Susan's Shanghai Blog - Week 98
From Nagasaki, we headed to Kumamoto, which is the capital of the Kumamoto Prefecture and has just under a million people. For this part of the trip, we have to thank our friend Hitomi, who helped us with our bus reservations. Yep, we took a "highway bus" from Nagasaki to Kumamoto. We found the bus station pretty easily, got checked in, and then just waited for the departure. As you can see, it is pretty easy to determine the gate and times for the departures from the electric signs over the doors. We took the 7:40am departure, and this was our bus (note that even the bus drivers wear white gloves!)
It was raining off and on during the 3 1/2 hour drive, and we took a few pictures just trying to get a feel for the countryside, which seemed to be pretty hilly. It made one stop in the middle and then arrived in Kumamoto.
From there, we caught a tram up to our hotel, the Richmond Hotel. Quite easy to find, the entrance was right in the middle of a covered shopping arcade.
We headed directly to lunch, since we were too early to actually check into the hotel. We headed nearby to a Tonkatsu restaurant. Tonkatsu originated in Japan in the 19th century and is a deep-fried breaded pork cutlet, normally served with a sauce and shredded cabbage. The tonkatsu sauce is a really thick version of Worcestershire sauce.
We started with a little bowl of shredded daikon and pickles, and they brought us the wooden pestle. While not every tonkatsu restaurant does this part, we had done it before and so we weren't shocked. They bring a bowl with really coarse sides, and sesame seeds. You take however much sesame seeds you want and put them in the bowl. Then with the pestle, you grind the seeds into a powder and then add the normal tonkatsu sauce. In this way, you get a custom sauce!
Then came the miso soup, cutlets, shredded cabbage, and rice.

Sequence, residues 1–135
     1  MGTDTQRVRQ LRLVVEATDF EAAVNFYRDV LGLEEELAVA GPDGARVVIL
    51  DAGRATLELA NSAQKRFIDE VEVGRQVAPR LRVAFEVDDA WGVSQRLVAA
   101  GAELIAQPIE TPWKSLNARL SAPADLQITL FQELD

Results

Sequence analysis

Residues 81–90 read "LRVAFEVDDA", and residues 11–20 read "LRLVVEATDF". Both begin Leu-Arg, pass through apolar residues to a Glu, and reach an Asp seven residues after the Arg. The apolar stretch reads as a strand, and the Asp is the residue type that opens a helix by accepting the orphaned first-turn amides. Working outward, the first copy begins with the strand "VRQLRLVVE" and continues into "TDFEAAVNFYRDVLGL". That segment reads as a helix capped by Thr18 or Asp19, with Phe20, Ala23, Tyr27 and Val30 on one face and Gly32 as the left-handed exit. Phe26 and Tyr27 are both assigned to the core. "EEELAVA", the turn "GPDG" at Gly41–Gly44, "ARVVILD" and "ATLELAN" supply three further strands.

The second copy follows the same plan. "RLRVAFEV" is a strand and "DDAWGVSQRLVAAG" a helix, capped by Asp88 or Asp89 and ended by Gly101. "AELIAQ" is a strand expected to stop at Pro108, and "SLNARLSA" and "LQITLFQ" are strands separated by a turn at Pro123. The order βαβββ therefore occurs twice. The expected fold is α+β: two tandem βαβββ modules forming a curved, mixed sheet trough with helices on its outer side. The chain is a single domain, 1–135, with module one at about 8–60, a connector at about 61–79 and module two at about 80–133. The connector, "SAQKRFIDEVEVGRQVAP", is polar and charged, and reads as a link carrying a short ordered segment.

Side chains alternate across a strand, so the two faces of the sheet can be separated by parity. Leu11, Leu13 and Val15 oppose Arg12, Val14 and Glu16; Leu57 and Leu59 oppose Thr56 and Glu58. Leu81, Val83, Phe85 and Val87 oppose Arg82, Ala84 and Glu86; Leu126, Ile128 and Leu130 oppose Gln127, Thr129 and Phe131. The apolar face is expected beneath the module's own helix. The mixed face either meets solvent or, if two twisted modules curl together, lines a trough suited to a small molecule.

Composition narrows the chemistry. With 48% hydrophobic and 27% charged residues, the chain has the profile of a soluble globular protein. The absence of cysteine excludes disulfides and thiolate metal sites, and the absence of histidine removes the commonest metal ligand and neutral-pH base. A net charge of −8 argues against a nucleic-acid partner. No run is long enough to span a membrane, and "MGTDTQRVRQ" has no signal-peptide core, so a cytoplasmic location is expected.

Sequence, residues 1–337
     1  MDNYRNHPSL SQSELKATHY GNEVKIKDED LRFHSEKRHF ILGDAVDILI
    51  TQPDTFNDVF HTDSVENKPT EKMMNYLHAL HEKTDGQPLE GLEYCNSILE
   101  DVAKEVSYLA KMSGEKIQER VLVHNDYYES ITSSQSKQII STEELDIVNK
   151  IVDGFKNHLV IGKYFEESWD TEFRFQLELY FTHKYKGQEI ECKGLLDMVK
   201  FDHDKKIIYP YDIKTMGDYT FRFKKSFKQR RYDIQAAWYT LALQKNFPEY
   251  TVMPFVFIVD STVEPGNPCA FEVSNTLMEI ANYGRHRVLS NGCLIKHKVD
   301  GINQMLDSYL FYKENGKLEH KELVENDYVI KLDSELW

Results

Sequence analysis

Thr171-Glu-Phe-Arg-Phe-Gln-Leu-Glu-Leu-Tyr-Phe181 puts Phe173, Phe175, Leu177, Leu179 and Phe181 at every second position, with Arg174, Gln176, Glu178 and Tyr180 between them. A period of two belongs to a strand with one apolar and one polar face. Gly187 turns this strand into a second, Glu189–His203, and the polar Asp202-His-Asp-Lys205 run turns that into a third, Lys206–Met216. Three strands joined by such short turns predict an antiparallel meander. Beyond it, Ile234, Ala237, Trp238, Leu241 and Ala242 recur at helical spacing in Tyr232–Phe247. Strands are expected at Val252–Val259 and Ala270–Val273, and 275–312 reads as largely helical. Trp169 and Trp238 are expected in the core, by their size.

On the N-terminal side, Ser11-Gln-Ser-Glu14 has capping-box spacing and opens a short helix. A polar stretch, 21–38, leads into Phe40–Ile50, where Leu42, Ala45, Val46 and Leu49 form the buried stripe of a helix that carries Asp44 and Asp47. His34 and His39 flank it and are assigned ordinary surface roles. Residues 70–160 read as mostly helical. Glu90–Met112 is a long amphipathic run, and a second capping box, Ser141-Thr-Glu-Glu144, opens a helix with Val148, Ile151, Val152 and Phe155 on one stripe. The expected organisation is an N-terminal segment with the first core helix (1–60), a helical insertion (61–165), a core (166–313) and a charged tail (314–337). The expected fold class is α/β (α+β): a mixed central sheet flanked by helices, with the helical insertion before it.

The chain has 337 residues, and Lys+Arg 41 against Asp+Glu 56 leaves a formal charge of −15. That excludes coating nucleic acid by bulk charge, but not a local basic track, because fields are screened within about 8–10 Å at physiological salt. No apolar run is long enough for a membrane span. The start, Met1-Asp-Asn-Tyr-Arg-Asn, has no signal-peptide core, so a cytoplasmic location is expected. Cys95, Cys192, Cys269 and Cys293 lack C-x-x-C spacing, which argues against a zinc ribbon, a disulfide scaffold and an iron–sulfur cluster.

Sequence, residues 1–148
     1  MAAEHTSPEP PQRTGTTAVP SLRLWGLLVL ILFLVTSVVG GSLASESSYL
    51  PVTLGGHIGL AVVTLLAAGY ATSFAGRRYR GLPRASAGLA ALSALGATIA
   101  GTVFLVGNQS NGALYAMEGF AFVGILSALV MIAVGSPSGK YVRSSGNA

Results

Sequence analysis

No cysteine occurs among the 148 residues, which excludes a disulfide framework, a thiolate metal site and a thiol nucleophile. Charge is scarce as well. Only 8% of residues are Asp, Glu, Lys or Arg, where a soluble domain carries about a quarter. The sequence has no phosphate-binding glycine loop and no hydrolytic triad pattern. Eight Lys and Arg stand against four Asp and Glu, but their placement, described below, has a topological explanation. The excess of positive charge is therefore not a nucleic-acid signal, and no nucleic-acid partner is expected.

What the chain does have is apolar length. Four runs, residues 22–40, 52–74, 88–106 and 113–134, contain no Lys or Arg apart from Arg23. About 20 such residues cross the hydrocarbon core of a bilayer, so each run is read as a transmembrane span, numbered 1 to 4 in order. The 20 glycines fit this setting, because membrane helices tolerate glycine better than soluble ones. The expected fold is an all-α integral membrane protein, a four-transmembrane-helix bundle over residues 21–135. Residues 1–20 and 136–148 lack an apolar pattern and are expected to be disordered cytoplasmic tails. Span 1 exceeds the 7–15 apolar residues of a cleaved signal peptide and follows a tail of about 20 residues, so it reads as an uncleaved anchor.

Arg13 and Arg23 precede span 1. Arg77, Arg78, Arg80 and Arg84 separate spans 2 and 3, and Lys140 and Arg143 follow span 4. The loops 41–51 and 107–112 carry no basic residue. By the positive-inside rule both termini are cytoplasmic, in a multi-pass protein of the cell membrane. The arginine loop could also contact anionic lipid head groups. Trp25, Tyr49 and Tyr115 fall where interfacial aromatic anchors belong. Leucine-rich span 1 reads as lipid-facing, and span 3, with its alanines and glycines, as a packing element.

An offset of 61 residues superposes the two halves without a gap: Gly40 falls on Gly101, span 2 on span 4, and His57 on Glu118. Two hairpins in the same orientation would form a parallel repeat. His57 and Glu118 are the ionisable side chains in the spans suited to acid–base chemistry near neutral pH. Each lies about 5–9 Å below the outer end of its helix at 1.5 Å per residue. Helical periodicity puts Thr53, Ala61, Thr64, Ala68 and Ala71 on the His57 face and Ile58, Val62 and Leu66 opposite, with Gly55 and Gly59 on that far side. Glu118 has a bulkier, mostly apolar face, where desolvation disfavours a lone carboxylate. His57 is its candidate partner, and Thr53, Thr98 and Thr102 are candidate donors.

From there, we went to the #1 site in Kumamoto .. the Kumamoto Castle (considered to be one of the three most beautiful castles in Japan). The castle dates back to 1467 when the initial fortifications were built by Ideta Hidenobu. They were expanded a couple of times and starting in 1601, Kato Kiyomasa expanded the castle into a complex of 49 turrets, 18 turret gates, and 29 other smaller gates. Another smaller tower was also built for a kitchen and the Honmaru Goten Palace was completed in 1610.
As we got near the castle, we got to the Nagabei, or Long Wall. It ends 242 meters from the Hiraon Tureet on the east to the Bagu Tureet on the west. It is 6 meters tall and runs along the Tsuboi River.
Heading into the castle complex, you go through a set of stairs and corners, all with these high walls. You can imagine that it wasn't very easy to invade. The castle was besieged in 1877 during the Satsuma Rebellion, and the castle keep and other parts were burned down. The rebellion was a revolt of disaffected samurai (the Satsuma army) against the new imperial government during the Meiji Era. The Satsuma army failed to take the castle, during the initial attack, and so they dug in and attempted to starve the garrison in the castle. It lasted about 6 weeks and then the castle was able to force a hole in the lines and get supplies into the castle.
We entered through the Sudoguchi Gate and went past a set of turrets, setup on a massive wall (Tago, Shichiken, Juyonken, Yonken, and GennoShin turrets). Just how massive are the walls? You can see the tiny tiny little Susan up next to the wall in one of the pictures.